Commentary: $44 billion can buy Twitter, but it can’t buy respect
If you want to be a public figure and be taken seriously, you can’t just be a public figure. You need to be respected, be acknowledged as being one of the people, and be the subject of serious media coverage.
Or, at least that is what Twitter’s top leaders apparently believe.
I find it impossible to believe that the chief executive of Twitter, Dick Costolo, would say something so out of touch with what most Twitter users think. And in fact, I don’t think anyone else at Twitter believes Costolo has such an attitude.
But Costolo’s attitude isn’t newsworthy — unless you are a newsroom professional. A journalist, a TV producer, a media executive, are all professional journalists and media people. All have careers based on the idea that when you’re talking about the people who matter most to you, the people around you are secondary.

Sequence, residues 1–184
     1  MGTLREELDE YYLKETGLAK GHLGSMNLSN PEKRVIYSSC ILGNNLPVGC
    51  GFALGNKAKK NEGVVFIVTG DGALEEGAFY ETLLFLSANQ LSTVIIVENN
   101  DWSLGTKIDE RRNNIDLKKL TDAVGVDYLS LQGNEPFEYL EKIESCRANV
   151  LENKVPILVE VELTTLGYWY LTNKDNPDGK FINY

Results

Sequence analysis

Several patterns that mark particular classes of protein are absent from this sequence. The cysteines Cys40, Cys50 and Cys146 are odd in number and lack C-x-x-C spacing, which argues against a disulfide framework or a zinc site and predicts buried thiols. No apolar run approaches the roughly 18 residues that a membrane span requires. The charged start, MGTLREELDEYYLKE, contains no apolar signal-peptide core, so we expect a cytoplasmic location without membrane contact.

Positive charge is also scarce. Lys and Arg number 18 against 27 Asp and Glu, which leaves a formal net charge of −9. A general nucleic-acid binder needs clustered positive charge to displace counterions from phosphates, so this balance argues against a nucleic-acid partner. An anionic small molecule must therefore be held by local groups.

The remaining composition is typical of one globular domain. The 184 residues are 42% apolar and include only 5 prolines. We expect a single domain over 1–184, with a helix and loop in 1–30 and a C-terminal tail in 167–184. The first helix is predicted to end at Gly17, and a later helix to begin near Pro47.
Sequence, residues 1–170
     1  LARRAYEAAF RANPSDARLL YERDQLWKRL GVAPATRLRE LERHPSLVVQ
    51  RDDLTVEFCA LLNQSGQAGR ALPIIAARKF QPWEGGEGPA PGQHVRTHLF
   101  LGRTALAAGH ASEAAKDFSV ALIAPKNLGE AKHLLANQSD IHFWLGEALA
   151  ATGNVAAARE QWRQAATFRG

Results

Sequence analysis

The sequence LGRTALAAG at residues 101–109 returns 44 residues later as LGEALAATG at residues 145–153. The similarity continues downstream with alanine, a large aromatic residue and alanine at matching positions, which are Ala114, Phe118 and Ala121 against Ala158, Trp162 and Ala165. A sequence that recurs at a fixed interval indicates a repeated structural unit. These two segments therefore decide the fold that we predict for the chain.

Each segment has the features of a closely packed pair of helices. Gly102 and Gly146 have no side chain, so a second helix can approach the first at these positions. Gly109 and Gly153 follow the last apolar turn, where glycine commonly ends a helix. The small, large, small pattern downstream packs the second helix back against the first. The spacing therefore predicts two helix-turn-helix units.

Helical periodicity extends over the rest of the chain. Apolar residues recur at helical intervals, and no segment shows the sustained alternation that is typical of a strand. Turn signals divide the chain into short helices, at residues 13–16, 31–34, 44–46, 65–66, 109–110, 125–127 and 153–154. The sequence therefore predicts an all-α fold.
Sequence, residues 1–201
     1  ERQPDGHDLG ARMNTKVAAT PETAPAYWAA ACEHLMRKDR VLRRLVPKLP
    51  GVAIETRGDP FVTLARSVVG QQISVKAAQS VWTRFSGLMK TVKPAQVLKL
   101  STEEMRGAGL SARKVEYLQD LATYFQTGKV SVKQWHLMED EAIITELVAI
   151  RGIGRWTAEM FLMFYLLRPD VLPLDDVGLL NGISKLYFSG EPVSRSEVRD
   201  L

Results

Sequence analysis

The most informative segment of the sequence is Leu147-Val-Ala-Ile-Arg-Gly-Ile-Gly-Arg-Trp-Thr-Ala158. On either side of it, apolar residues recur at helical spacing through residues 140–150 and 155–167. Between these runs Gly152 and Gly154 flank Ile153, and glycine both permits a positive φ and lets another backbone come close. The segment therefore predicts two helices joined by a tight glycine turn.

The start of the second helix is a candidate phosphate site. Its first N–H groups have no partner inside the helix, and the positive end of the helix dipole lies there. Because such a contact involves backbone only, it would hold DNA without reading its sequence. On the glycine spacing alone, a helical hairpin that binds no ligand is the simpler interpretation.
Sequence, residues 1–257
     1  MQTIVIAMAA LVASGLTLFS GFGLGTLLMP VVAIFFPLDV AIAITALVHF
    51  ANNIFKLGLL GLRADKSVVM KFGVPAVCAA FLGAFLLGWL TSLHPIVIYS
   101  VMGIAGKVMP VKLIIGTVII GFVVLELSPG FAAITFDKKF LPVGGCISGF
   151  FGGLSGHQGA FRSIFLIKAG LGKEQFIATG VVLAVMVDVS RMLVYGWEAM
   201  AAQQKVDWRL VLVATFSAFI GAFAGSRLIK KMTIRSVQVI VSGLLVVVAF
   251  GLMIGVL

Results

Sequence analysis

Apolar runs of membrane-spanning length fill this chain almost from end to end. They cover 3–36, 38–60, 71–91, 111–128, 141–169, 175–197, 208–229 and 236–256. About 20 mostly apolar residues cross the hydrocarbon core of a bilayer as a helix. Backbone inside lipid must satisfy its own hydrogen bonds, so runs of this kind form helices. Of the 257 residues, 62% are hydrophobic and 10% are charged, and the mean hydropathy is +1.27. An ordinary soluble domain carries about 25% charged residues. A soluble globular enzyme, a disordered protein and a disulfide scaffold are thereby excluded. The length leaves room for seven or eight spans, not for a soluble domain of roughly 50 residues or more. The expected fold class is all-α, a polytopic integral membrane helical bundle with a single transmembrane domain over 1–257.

It is a worldview defined by their roles in the business. It’s so deeply embedded that reporters, for example, have a “topics” list on their desk where they are supposed to filter everything.
I have heard Costolo speak many times on different topics. He has always expressed the view that social media is in some ways an extension of the traditional publishing business. If you want to be a public figure and be taken seriously, he says, you have to be respected.
In fact, I always thought of Costolo’s attitude as a bit patronizing, since it seems to imply that people in the news business have some special insight to the world.
But that is not the case.
Journalists, TV producers, media executives are all professional journalists and media people. All have careers based on the idea that when you are talking about people who matter most to you, they are secondary.
And that’s where the problem with the “topics” list comes in.
When your job is to present news, it is imperative that you talk about the people that matter most to you. You have to talk about the reporters and editors who work for you, the producers of the shows you cover, the executives whose decisions